Well look, I couldn’t disagree more violently with BDS as they call it, Boycott Divestment and Sanctions. As you know I’m a big supporter of Israel, as big a one as you can find in the city, but I could also not agree more strongly with an academic department’s right to sponsor a forum on any topic that they choose. I mean, if you want to go to a university where the government decides what kind of subjects are fit for discussion, I suggest you apply to a school in North Korea.

The last thing that we need is for members of our City Council or State Legislature to be micromanaging the kinds of programs that our public universities run, and base funding decisions on the political views of professors. I can’t think of anything that would be more destructive to a university and its students.

You know, the freedom to discuss ideas, including ideas that people find repugnant, lies really at the heart of the university system, and take that away and higher education in this country would certainly die.

As Brian Leiter asks, “Will the other miscreants from Dershowitz to City Councilman Fidler now recant? They’ve been whacked by both the Mayor and the New York Times, as well as the rest of the civilized world.”

We shall see. You can follow Corey Robin for updates.

Catholic hospital reverses itself, says it was morally wrong to argue fetus is not a person

On Jan. 24, I posted about two news articles which revealed that, in an effort to evade a malpractice lawsuit, lawyers representing a group which owns a Catholic hospital in Colorado have been arguing, contrary to Catholic doctrine, that a fetus is not a person. 

Today, weeks after the story attracted widespread attention and criticism, it appears that the group, Catholic Health Initiatives (CHI), has changed its tune:

"In the discussion with the Church leaders, CHI representatives acknowledged that it was morally wrong for attorneys representing St. Thomas More Hospital to cite the state’s Wrongful Death Act in defense of this lawsuit. That law does not consider fetuses to be persons, which directly contradicts the moral teachings of the Church."

It will be interesting to see if and how this announcement will change the outcome of the case. I’ll keep you updated as everything moves forward. 

Catholic hospital argues, contrary to Catholic doctrine, that a fetus is not a person

It appears that even core religious dogmas are changeable when sticking to them might cost money. Take a look at this disturbing story in the Colorado Independent:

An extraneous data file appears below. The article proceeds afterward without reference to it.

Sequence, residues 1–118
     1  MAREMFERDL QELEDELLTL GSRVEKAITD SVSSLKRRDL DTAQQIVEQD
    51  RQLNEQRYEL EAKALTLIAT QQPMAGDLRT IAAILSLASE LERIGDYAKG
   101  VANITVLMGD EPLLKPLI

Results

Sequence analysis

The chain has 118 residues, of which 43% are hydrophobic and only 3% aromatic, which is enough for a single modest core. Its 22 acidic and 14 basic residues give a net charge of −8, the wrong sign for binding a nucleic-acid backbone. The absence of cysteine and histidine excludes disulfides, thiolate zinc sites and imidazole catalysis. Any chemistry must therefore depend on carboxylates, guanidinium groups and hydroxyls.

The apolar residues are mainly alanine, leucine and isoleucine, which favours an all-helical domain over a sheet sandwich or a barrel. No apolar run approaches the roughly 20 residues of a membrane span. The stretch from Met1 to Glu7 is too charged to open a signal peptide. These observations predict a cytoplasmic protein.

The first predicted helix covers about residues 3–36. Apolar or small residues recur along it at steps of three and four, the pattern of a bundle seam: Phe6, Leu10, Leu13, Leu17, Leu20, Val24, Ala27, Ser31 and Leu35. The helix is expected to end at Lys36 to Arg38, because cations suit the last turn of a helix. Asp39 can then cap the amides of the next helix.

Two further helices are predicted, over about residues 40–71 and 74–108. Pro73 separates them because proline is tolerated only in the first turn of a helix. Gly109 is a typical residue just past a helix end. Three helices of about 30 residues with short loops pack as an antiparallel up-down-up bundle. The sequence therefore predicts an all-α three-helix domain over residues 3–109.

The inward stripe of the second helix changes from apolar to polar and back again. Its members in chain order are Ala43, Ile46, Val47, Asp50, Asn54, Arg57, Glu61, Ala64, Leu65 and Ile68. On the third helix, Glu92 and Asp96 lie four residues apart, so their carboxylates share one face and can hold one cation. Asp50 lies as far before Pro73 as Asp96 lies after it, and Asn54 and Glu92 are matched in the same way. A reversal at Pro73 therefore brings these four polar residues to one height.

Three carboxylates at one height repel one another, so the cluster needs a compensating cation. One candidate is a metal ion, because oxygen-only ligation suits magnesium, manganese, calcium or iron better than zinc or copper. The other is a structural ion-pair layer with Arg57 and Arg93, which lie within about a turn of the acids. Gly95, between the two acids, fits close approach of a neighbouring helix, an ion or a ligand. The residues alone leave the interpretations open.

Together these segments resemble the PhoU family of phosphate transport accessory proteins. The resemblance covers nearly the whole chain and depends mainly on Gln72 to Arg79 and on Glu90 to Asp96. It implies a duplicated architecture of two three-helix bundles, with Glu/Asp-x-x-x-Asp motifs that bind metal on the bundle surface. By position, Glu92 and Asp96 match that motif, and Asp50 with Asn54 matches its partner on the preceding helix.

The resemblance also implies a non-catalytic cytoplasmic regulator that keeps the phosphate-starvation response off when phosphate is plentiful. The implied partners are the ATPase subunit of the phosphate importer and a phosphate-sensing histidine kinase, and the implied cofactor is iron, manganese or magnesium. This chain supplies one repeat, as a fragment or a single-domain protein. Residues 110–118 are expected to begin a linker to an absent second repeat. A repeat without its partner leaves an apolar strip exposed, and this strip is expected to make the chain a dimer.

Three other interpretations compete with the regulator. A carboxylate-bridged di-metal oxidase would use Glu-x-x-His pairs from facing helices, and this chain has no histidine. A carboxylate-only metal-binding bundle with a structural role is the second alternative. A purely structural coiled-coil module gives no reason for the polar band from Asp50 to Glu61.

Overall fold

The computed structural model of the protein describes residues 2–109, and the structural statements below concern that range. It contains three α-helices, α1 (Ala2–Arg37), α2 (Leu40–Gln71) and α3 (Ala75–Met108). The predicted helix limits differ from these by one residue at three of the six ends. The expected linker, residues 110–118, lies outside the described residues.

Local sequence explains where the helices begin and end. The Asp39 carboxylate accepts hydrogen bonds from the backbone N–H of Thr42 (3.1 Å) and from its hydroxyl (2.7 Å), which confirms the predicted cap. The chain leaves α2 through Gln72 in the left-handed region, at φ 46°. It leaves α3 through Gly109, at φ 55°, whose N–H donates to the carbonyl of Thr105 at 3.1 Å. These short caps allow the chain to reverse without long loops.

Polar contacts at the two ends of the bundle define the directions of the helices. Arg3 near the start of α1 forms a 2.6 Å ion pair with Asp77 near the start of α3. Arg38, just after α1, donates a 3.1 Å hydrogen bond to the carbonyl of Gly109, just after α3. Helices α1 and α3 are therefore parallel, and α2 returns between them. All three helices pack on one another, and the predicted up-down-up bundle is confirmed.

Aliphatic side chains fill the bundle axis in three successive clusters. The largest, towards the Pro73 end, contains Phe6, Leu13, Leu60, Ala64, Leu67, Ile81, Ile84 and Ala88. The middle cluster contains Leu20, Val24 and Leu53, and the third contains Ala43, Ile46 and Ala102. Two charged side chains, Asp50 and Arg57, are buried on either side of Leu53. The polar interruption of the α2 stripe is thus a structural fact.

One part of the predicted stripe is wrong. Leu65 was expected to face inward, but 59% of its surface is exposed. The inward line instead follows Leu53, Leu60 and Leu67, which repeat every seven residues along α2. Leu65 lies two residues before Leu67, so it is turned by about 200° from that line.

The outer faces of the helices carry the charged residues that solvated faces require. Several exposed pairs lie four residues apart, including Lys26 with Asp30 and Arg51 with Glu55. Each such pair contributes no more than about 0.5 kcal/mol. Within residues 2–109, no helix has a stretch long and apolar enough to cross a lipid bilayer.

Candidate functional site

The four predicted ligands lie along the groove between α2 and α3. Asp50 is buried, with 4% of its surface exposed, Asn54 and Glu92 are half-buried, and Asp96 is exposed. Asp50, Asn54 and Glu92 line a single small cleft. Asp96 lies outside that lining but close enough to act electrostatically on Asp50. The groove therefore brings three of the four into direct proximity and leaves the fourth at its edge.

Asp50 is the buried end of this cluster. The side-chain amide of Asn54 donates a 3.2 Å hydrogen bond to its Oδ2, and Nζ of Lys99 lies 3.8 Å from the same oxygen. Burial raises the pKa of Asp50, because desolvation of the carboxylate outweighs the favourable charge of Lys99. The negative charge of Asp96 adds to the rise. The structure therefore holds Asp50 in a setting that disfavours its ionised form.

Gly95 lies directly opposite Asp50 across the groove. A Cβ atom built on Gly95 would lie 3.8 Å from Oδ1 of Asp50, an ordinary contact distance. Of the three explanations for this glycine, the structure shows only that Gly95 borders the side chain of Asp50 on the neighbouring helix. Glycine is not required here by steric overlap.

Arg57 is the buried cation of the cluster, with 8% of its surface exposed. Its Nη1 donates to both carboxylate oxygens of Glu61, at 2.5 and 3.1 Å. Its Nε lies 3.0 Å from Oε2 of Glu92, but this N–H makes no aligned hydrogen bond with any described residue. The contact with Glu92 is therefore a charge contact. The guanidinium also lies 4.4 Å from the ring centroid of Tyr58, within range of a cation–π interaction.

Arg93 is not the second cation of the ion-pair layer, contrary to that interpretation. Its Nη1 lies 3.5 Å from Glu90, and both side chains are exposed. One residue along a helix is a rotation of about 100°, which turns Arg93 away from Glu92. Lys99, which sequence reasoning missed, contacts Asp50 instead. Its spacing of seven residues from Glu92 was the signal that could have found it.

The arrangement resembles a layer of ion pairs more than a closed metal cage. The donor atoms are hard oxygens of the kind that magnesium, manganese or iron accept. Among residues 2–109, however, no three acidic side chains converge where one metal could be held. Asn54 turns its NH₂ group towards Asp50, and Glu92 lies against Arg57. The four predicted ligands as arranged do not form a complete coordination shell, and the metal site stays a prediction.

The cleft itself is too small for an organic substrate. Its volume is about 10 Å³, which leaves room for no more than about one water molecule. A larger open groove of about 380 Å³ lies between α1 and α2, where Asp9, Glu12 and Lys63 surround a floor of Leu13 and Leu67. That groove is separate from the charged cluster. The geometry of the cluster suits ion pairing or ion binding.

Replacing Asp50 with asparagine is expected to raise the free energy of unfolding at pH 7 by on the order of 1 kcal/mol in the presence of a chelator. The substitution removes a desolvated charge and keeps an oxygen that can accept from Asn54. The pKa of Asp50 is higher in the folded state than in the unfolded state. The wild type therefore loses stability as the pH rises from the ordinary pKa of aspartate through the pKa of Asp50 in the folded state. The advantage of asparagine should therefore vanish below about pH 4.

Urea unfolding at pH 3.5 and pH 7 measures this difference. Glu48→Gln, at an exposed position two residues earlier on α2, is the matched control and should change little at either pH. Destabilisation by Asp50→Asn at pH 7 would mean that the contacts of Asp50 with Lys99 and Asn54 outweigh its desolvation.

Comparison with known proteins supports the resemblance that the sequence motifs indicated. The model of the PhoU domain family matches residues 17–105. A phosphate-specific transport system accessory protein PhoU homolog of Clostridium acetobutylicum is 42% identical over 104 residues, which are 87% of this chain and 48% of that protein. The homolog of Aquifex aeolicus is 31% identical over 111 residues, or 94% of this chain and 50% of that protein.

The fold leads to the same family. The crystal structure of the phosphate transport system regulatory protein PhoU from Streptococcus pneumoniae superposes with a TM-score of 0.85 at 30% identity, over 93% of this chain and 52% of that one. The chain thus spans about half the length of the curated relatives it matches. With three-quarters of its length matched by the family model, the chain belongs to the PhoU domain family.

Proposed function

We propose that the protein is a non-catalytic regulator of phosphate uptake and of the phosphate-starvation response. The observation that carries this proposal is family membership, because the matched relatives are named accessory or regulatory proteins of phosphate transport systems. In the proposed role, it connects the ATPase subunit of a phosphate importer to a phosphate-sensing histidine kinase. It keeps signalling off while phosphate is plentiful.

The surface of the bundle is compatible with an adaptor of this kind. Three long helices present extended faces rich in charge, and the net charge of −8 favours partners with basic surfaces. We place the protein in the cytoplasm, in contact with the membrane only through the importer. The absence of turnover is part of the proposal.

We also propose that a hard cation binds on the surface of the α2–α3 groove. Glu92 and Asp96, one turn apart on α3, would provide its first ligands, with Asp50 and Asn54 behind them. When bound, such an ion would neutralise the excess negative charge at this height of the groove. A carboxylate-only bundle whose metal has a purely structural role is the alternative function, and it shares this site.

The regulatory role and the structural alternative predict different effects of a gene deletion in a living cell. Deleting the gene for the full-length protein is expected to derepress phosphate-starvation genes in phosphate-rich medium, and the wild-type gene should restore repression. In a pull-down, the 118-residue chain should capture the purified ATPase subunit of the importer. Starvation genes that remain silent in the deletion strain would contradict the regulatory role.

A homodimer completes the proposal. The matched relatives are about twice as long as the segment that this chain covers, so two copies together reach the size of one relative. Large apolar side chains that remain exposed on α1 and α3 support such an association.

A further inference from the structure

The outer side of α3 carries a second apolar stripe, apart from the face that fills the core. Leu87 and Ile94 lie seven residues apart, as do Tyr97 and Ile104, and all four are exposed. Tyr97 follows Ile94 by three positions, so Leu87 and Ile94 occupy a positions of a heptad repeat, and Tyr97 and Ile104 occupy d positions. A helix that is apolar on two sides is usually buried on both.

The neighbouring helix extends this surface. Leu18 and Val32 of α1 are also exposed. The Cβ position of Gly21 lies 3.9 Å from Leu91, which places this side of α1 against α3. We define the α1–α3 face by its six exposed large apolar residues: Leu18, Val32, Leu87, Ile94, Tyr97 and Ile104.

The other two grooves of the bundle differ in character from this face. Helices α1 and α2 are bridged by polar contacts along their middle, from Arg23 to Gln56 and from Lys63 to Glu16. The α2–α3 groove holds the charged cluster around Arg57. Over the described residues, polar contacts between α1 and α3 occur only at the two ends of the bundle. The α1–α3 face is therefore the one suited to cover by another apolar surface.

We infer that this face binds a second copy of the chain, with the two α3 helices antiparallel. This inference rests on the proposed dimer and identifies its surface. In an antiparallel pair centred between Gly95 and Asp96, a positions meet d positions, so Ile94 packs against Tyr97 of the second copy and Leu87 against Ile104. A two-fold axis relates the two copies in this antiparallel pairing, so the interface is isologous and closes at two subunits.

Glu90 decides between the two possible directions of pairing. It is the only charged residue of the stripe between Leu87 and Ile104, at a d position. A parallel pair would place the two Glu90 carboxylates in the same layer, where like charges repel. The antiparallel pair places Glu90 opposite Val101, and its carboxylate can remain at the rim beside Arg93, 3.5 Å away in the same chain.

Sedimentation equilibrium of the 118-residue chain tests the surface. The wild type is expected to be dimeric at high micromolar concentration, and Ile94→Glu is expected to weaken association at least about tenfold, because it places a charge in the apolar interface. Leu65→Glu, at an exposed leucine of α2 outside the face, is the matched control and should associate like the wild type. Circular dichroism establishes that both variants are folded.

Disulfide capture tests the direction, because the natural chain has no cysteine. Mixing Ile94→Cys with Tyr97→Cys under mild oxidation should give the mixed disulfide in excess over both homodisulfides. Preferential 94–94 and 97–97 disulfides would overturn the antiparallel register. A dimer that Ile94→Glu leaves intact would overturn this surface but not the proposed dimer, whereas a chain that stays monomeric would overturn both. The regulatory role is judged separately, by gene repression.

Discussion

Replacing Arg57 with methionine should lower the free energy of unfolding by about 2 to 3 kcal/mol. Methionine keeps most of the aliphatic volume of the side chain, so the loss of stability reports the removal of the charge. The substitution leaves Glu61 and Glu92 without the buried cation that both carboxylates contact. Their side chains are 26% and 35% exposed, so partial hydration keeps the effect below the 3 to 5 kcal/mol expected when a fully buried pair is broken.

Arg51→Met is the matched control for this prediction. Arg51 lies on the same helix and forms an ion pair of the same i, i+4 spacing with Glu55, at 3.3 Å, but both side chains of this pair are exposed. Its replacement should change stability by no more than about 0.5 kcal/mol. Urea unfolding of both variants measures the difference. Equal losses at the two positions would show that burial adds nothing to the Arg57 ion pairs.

Lori Stodghill was 31-years old, seven-months pregnant with twin boys and feeling sick when she arrived at St. Thomas More hospital in Cañon City on New Year’s Day 2006. She was vomiting and short of breath and she passed out as she was being wheeled into an examination room. Medical staff tried to resuscitate her but, as became clear only later, a main artery feeding her lungs was clogged and the clog led to a massive heart attack. Stodghill’s obstetrician, Dr. Pelham Staples, who also happened to be the obstetrician on call for emergencies that night, never answered a page. His patient died at the hospital less than an hour after she arrived and her twins died in her womb.

In the aftermath of the tragedy, Stodghill’s husband Jeremy, a prison guard, filed a wrongful-death lawsuit on behalf of himself and the couple’s then-two-year-old daughter Elizabeth. Staples should have made it to the hospital, his lawyers argued, or at least instructed the frantic emergency room staff to perform a caesarian-section. The procedure likely would not have saved the mother, a testifying expert said, but it may have saved the twins.

The lead defendant in the case is Catholic Health Initiatives, the Englewood-based nonprofit that runs St. Thomas More Hospital as well as roughly 170 other health facilities in 17 states. Last year, the hospital chain reported national assets of $15 billion. The organization’s mission, according to its promotional literature, is to “nurture the healing ministry of the Church” and to be guided by “fidelity to the Gospel.” Toward those ends, Catholic Health facilities seek to follow the Ethical and Religious Directives of the Catholic Church authored by the U.S. Conference of Catholic Bishops. Those rules have stirred controversy for decades, mainly for forbidding non-natural birth control and abortions. “Catholic health care ministry witnesses to the sanctity of life ‘from the moment of conception until death,’” the directives state. “The Church’s defense of life encompasses the unborn.”

The directives can complicate business deals for Catholic Health, as they can for other Catholic health care providers, partly by spurring political resistance. In 2011, the Kentucky attorney general and governor nixed a plan in which Catholic Health sought to merge with and ultimately gain control of publicly funded hospitals in Louisville. The officials were reacting to citizen concerns that access to reproductive and end-of-life services would be curtailed. According to The Denver Post, similar fears slowed the Sisters of Charity of Leavenworth’s plan over the last few years to buy out Exempla Lutheran Medical Center and Exempla Good Samaritan Medical Center in the Denver metro area.

But when it came to mounting a defense in the Stodghill case, Catholic Health’s lawyers effectively turned the Church directives on their head. Catholic organizations have for decades fought to change federal and state laws that fail to protect “unborn persons,” and Catholic Health’s lawyers in this case had the chance to set precedent bolstering anti-abortion legal arguments. Instead, they are arguing state law protects doctors from liability concerning unborn fetuses on grounds that those fetuses are not persons with legal rights.

As Jason Langley, an attorney with Denver-based Kennedy Childs, argued in one of the briefs he filed for the defense, the court “should not overturn the long-standing rule in Colorado that the term ‘person,’ as is used in the Wrongful Death Act, encompasses only individuals born alive. Colorado state courts define ‘person’ under the Act to include only those born alive. Therefore Plaintiffs cannot maintain wrongful death claims based on two unborn fetuses.”